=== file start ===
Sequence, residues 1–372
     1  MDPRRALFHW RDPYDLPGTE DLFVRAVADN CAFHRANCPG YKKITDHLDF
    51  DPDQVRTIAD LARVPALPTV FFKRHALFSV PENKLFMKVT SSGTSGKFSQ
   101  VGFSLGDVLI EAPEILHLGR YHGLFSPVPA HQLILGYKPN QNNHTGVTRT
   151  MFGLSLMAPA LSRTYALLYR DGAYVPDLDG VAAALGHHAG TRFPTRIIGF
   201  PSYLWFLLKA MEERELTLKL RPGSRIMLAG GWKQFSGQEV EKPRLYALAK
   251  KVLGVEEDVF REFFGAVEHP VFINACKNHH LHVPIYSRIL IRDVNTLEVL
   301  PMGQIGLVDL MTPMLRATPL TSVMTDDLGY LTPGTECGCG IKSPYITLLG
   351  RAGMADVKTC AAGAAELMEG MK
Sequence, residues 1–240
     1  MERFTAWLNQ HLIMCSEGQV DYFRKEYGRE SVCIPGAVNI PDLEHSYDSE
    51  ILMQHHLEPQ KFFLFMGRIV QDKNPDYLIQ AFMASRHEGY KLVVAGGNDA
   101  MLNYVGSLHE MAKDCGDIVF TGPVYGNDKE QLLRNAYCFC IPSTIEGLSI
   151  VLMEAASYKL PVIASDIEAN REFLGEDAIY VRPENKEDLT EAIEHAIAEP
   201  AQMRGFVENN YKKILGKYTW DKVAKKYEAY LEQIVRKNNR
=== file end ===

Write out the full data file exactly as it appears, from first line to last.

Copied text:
Sequence, residues 1–372
     1  MDPRRALFHW RDPYDLPGTE DLFVRAVADN CAFHRANCPG YKKITDHLDF
    51  DPDQVRTIAD LARVPALPTV FFKRHALFSV PENKLFMKVT SSGTSGKFSQ
   101  VGFSLGDVLI EAPEILHLGR YHGLFSPVPA HQLILGYKPN QNNHTGVTRT
   151  MFGLSLMAPA LSRTYALLYR DGAYVPDLDG VAAALGHHAG TRFPTRIIGF
   201  PSYLWFLLKA MEERELTLKL RPGSRIMLAG GWKQFSGQEV EKPRLYALAK
   251  KVLGVEEDVF REFFGAVEHP VFINACKNHH LHVPIYSRIL IRDVNTLEVL
   301  PMGQIGLVDL MTPMLRATPL TSVMTDDLGY LTPGTECGCG IKSPYITLLG
   351  RAGMADVKTC AAGAAELMEG MK
Sequence, residues 1–240
     1  MERFTAWLNQ HLIMCSEGQV DYFRKEYGRE SVCIPGAVNI PDLEHSYDSE
    51  ILMQHHLEPQ KFFLFMGRIV QDKNPDYLIQ AFMASRHEGY KLVVAGGNDA
   101  MLNYVGSLHE MAKDCGDIVF TGPVYGNDKE QLLRNAYCFC IPSTIEGLSI
   151  VLMEAASYKL PVIASDIEAN REFLGEDAIY VRPENKEDLT EAIEHAIAEP
   201  AQMRGFVENN YKKILGKYTW DKVAKKYEAY LEQIVRKNNR